When we grapple with a mystery, we are prone to grumble—and this is another way in which the journey to understanding the Eucharistic mystery is like the journey of Israel. O’Connor states:

Israel’s grumbling never ceased.  “Now these things occurred as types to keep us from setting our hearts on evil things as they did” (1 Cor. 10:6). It was then all a type of the Passover of the new Lamb, who has freed us from sin and misery, fed us with a more miraculous Food and Drink, and endured our grumbling.

“We never see anything but this manna! We detest this miserable food!” Even the miraculous wearied them, and they grumbled against it. Type that it was, it is sobering to reflect that we can say the same of the Eucharist: we are sick of it; it bores us; it does not satisfy. And we turn to other foods.

O’Connor captures an aspect of Christian life that Pope Francis has often spoken of, joylessness even in the face of such a great gift. Like Israel, many modern Catholics grumble and become disenchanted with the gift of the Eucharist.

Perhaps you have someone in your own life who has fallen away from the faith because the Eucharist, the central act of worship of the Christian people, has become ordinary. When reading of the Church’s understanding of the doctrine of the Eucharist, “ordinary” is a word that is never used. Perhaps all we need to draw the fallen away back to Eucharistic fellowship is to expose them to the beauty, mystery, and truth of the theology of the Eucharist. O’Connor quotes the great author, poet, and Catholic, J.R.R. Tolkien on his journey from spiritual darkness to the intense light and truth of the Eucharist:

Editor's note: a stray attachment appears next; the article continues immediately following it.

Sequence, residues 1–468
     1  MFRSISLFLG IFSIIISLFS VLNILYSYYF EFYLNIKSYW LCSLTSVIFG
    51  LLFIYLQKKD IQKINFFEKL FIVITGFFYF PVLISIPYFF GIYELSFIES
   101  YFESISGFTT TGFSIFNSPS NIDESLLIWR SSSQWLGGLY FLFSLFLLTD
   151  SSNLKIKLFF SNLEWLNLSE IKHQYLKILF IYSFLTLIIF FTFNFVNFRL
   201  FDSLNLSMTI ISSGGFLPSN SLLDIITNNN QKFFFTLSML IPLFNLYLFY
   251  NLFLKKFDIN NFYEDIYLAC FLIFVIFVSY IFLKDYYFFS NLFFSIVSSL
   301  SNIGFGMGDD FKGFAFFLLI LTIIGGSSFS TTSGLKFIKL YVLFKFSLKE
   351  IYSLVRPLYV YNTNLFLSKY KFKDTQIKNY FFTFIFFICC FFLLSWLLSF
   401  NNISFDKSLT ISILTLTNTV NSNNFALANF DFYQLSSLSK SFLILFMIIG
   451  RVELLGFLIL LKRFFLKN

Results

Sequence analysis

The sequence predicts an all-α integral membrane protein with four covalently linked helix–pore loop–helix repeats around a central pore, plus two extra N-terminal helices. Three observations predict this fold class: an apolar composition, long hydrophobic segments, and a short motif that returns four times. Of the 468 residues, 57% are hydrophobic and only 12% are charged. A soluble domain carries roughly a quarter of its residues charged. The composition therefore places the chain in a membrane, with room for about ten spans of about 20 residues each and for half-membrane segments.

Out of the darkness of my life, so much frustrated, I put before you the one great thing to love on earth: the Blessed Sacrament … There you will find romance, glory, honor, fidelity, and the true way of all your loves upon earth, and more than that: death: by the divine paradox, that which ends life, and demands the surrender of all, and yet by the taste (or foretaste) of which alone can what you seek in your earthly relationships (love, faithfulness, joy) be maintained, or take on that complexion of reality, of eternal endurance, that every man’s heart desires. (Letters, 53-55).

The journey from darkness to light, falsehood to truth, which so permeates all of Tolkien’s writings, is a direct result of his profound love of the Blessed Sacrament. The Hidden Manna draws on the theology and experience of Christendom’s greatest champions and provides pages of deep insight and inspiration.

The Hidden Manna would make an excellent addition to any Verbum library, but perhaps it would be best given as a gift, like the Eucharist itself. Whether you take advantage of this sale to deepen your own understanding of the Eucharist or give it as a gift to a friend in need of being brought back to the table of the Lord, The Hidden Manna is a tremendous asset to the Church. The secret of The Hidden Manna is the paradox that Christ is never really hidden, he is there waiting for us in every tabernacle, at every Mass—there waiting for us to partake of this truly wonderful gift!